You make a very good point, 78RPM. Proprietary may have worked very early on with technology, but indeed, opening things up is the way to go now. I think Apple and Microsoft have been two companies that managed to stay proprietary, but there seem to be cracks in that strategy now for both companies.
Thanks, Chuck! Yes, the Segway was the first thing that popped to mind when I was compiling this list. I used to see people on Segway tours near the Marina when I lived in SF and just thought people looked so silly. It's sort of become an invention of ridicule, with people parodying cops on Segways in movies. Yes, it has its uses, but in my opinion it was a somewhat unnecessary invention.
You're welcome, Debera, I enjoyed doing this slideshow. Yes, DAT was one that just was at the mercy of technology moving too fast, I agree. I remember I used DAT once when I was recording music with a band I was in, but it was obsolete so fast I never had anything to listen to the tape on later! It had to be mastered to a CD for me to have a copy.
I agree Charles. It's like we are trying to enforce technology in each and everything we do, even if it can be done more effectively without it, that too with a low-budget. But then again it could still be used by consumers who are not able to walk long distances, however then this invention becomes a matter of necessity instead of choice, which demonstrates the letdown of this invention as already mentioned by Liz.
Great post, Liz. I'm sure readers will have a lot of contributions, too. The standout for me was the Segway. Yes, as you point out, it has niche applications. But most of us would prefer walking to spending money on one of those things. It's a great example of developing an unncessary technology simply because it can be done.
Slide 3 reminds me that tightly proprietary architectures often fail. Wang did its best to keep non-Wang peripheral devices out of its customers shops -- and look what happened to Wang. On the other hand, Google made Android open source and gained dominant market share.
DAT was used heavily in the music industry until hard drive recording was ready for prime time.
Probably another dog to add to the list would be Iomega's JAZ drive. The JAZ drive was a 1G removable SCSI drive that had a fairly high failure rate. The JAZ drive was also used for multitrack recording, and fortunatly those musicains that caught themselves with failed JAZ drive could replace the drive with a SCSI hard drive. Also fortunate, by the time the JAZ drive failed in a recorder SCSI hard drives were cheap enough to be used as a drop-in replacement.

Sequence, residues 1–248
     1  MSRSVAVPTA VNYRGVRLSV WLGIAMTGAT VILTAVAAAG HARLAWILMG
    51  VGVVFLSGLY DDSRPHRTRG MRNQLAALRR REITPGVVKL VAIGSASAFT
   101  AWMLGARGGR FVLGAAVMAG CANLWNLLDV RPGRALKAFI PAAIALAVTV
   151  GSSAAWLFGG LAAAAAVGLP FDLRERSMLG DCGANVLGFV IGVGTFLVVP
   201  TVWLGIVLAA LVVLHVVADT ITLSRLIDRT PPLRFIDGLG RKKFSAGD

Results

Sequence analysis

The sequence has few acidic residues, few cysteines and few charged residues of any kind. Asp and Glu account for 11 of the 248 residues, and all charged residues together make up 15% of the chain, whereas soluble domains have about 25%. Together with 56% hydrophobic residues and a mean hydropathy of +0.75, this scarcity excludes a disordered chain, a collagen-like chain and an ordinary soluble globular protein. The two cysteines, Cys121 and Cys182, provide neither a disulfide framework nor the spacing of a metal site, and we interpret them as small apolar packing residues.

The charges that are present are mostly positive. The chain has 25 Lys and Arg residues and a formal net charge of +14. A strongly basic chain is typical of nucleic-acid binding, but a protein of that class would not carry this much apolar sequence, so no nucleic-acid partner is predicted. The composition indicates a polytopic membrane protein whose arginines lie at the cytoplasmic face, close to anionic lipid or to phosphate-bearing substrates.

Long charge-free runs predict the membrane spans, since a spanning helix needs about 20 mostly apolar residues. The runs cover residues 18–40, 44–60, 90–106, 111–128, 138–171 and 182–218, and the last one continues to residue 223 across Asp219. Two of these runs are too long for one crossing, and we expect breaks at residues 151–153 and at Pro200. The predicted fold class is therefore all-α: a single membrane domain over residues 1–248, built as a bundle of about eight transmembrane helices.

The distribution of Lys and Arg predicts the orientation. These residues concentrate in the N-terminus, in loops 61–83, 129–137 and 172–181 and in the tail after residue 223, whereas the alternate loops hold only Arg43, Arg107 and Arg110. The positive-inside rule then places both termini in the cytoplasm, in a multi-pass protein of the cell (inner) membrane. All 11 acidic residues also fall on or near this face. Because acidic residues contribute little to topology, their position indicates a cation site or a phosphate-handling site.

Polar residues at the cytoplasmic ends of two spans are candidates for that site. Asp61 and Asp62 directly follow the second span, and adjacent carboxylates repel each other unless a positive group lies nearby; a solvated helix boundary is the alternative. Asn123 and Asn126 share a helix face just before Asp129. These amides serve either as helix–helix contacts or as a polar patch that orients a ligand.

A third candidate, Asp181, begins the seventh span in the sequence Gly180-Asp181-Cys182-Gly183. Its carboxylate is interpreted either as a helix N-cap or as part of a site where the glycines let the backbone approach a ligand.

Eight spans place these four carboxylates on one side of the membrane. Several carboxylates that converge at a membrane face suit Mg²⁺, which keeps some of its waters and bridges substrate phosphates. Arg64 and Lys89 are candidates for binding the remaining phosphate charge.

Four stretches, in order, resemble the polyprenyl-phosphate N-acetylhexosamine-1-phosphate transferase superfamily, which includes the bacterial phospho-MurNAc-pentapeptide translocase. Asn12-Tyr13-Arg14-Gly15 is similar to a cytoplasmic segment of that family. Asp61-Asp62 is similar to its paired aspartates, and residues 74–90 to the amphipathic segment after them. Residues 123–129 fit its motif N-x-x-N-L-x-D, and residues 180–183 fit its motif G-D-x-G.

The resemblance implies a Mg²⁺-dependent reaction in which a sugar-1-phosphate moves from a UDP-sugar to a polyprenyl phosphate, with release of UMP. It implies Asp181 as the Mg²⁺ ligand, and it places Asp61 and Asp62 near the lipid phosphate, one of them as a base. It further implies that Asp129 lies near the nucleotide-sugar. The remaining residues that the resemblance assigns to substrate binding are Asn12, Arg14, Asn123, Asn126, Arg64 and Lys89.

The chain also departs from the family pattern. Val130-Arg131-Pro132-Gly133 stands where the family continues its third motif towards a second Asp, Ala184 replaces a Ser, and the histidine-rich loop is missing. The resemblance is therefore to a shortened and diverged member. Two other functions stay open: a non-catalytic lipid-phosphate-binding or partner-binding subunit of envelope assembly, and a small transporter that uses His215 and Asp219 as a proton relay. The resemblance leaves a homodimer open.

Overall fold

Thanks for your comment, LetoA, I guess I am not sure on which point I was wrong? I thought for sure they were experimenting with electric cars before that, but forgive me if I was wrong. I guess I should've said "late" 19th century in retrospect.
Thanks Elizebeth for recalling us all these inventions great work done by you . I do remember these Digital audio tapes and they were being expected to hit the market but technology is moving ahead so fast that the moment one technology steps in the other one is also there . No doubt technology is moving at a very fast pace .
I do need to correct you on #15 the EV. You state since the mid 19th century EV's actually predated the Gasoline engine. Back at the turn of the last century (1900 -1915) the first EV Gas war went on and EV's lost that battle. I agree though one day EV's will finally come out on top. It is just going to take a while and some advances in techonology that we have been promised is just around the corner since 1975.
The company says it anticipates high-definition video for home security and other uses will be the next mature technology integrated into the IoT domain, hence the introduction of its MatrixCam devkit.
Siemens and Georgia Institute of Technology are partnering to address limitations in the current additive manufacturing design-to-production chain in an applied research project as part of the federally backed America Makes program.
Most of the new 3D printers and 3D printing technologies in this crop are breaking some boundaries, whether it's build volume-per-dollar ratios, multimaterials printing techniques, or new materials types.
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